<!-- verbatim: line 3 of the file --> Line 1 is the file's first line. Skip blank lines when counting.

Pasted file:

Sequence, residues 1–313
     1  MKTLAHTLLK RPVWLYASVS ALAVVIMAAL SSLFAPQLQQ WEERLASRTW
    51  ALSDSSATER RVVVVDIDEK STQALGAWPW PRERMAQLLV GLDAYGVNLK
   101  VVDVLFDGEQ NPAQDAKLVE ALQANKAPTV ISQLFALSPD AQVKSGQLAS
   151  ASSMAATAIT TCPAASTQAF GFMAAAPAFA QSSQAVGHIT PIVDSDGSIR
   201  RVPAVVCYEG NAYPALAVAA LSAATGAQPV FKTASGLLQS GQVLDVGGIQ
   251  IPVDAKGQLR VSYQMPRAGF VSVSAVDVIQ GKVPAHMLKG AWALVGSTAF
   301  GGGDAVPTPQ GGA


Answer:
    51  ALSDSSATER RVVVVDIDEK STQALGAWPW PRERMAQLLV GLDAYGVNLK